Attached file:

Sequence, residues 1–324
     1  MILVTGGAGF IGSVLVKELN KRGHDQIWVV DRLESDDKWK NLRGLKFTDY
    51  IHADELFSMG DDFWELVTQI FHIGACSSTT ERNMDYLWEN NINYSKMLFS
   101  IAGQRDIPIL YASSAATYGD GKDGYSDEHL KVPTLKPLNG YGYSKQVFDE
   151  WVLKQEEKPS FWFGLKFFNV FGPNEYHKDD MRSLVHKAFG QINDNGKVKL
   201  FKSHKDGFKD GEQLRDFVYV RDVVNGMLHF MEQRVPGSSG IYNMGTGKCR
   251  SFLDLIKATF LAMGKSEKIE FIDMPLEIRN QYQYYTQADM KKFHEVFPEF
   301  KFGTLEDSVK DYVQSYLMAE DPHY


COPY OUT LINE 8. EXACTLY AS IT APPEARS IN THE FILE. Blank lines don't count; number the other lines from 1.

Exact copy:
   301  KFGTLEDSVK DYVQSYLMAE DPHY